Newton was involved in a well-publicized scandal last season at Auburn and left Florida earlier in his college career under circumstances that allegedly include academic fraud and a stolen laptop. Yeah, he has some integrity issues and some of it may be due to immaturity.

As for comments about lacking accountability and trustworthiness, I know of many people twice Newton’s age who fit that description. Ohio State football coach Jim Tressel seems like more of a snake than Newton when those are the standards, wouldn’t you say? Connecticut basketball coach Jim Calhoun is three times Newton’s age and I can’t say Newton is any more disingenuous than Calhoun, the best reason to root for Butler to beat UConn in Monday’s NCAA title game.

In fact, there are adults all over the college landscape – namely football and basketball coaches and athletic directors – who match up pretty well with Newton in that regard.

I’m open to Newton becoming a good NFL quarterback but it’s hard to say for certain whether or not he will be. Add in signs that he appears to be a bit of a me-first self-promoter and it would be hard for me to bet my future on him if I was an NFL general manager.

If you think about it, Newton is one of four quarterbacks considered to be worthy of being selected in the first two rounds of the 2011 NFL Draft. The others are Missouri’s Blaine Gabbert, Washington’s Jake Locker and Arkansas’ Ryan Mallett.

Gabbert doesn’t have a long track record as a productive collegian, Locker has impressive athletic ability but was an underachiever prone to erratic throws in college and Mallett has been raked over the coals for some personal issues over the last two months.

In fact, you could easily make the case that Mallett has experienced rougher criticism than Newton. How come Moon hasn’t come to defense of Mallett and uttered similar opinions about unfair critiques?

And if there’s a black sportswriter somewhere who criticizes Mallett and questions whether he’s trustworthy or calls him fake, do we call that black sportswriter a racist?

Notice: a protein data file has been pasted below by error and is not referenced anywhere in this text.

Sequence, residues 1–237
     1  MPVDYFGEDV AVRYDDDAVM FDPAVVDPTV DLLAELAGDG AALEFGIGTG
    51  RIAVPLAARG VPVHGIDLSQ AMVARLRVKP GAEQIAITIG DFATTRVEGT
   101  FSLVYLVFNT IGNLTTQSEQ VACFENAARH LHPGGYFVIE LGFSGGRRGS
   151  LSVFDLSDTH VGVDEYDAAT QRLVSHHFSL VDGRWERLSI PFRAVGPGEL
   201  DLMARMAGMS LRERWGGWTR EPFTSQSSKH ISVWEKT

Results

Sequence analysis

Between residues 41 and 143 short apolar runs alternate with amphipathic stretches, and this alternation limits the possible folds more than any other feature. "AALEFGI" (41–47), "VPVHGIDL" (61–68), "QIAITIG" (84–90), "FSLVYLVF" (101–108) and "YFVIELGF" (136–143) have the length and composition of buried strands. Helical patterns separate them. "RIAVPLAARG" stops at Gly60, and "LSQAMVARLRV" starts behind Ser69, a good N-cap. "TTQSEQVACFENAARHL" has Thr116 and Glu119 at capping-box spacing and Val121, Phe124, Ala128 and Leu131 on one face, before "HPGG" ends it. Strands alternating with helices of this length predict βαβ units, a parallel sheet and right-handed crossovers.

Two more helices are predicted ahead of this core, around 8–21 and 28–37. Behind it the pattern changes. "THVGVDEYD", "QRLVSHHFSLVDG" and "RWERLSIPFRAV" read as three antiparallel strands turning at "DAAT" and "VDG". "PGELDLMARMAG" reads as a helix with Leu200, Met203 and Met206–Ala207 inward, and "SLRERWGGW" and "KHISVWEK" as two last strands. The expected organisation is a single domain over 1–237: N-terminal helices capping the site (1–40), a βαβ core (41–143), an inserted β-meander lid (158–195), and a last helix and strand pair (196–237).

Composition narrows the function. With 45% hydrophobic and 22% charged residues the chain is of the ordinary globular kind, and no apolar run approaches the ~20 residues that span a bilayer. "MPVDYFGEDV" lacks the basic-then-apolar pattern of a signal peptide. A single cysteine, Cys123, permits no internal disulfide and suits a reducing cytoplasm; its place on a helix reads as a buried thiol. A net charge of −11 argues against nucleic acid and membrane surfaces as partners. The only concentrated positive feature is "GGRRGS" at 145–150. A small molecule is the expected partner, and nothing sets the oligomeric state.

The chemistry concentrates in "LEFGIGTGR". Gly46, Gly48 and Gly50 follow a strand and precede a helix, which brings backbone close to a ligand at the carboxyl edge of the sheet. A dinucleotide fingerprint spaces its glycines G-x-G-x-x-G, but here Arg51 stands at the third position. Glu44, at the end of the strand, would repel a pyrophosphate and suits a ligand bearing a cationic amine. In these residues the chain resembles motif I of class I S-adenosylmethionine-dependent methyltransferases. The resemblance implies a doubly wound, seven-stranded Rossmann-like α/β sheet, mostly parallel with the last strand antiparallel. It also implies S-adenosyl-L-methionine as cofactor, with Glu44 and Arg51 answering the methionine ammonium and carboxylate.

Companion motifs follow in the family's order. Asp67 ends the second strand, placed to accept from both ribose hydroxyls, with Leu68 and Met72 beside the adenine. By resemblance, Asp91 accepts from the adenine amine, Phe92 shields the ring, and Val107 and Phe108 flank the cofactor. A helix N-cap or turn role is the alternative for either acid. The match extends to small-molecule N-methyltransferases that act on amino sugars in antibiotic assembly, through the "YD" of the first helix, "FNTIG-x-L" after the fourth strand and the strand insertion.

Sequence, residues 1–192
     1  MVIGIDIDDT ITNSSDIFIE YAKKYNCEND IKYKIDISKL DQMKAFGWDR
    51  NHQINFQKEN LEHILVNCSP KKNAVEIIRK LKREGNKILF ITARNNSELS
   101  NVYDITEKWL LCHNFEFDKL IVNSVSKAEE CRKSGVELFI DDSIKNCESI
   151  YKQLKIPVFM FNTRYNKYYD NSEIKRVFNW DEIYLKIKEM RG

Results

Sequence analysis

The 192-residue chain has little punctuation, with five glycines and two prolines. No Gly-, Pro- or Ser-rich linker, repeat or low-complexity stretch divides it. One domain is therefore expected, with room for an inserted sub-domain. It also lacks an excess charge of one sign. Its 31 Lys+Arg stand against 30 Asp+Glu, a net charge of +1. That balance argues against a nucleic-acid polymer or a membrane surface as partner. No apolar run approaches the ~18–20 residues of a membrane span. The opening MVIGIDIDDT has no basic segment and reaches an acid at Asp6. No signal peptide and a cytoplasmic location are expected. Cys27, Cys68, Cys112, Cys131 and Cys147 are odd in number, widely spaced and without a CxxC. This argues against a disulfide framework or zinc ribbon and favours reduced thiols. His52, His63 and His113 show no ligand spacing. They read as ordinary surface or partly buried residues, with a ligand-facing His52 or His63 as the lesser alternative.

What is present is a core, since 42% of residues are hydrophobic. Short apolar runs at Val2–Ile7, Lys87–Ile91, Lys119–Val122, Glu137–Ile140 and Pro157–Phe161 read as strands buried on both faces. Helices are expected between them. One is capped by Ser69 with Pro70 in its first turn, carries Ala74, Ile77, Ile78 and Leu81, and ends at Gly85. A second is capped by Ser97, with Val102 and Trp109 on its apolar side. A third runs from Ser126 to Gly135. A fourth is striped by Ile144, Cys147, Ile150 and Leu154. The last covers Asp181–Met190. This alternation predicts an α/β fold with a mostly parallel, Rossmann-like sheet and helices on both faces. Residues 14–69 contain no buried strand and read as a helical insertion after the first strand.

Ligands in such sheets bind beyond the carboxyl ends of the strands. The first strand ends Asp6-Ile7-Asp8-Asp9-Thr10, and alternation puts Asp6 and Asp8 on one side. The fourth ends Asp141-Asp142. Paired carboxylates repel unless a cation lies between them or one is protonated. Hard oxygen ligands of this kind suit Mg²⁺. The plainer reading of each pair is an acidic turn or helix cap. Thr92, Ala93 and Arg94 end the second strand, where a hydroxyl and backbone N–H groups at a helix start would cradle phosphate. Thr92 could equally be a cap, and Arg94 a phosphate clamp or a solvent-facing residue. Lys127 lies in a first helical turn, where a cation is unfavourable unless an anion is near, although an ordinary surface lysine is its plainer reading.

Of course, we wouldn’t. That would be silly. The same way it is ridiculous that Moon has decided to play the race card in a situation that has nothing to do with skin color.

If I was running an NFL team, I wouldn’t draft any of those four quarterbacks in the first round. But of course I never understood why an NFL team would pick Alex Smith first overall in the same draft that Aaron Rodgers was available (and yes, people who know me heard over and over again as the 2005 draft approached that Rodgers would be a much better pick than Smith).

But if I were considering picking Newton, I would be getting a bit concerned about one thing: If Newton is having trouble dealing with criticisms from people who don’t really matter in February and March of 2011, then I would be very concerned with whether or not he’ll be able to handle the pressures of December and January during NFL seasons.

I trust that Warren Moon is schooling Newton on such pressures in the months leading up to the draft. It’s just sad that Moon is now adding to the scrutiny Newton must endure with ill-advised comments.

As I said at the outset – Moon has firsthand experience of what real stereotyping is like and it still seems silly to me that he was bypassed in the 1979 NFL Draft solely because he was black.

But Newton being scrutinized prior to being a first-round pick in a few weeks is not something that is a different standard than what white quarterbacks go through.

If Warren doesn’t believe me, I’m sure he can figure out how to get ahold of Tebow now that he’s no longer in hibernation.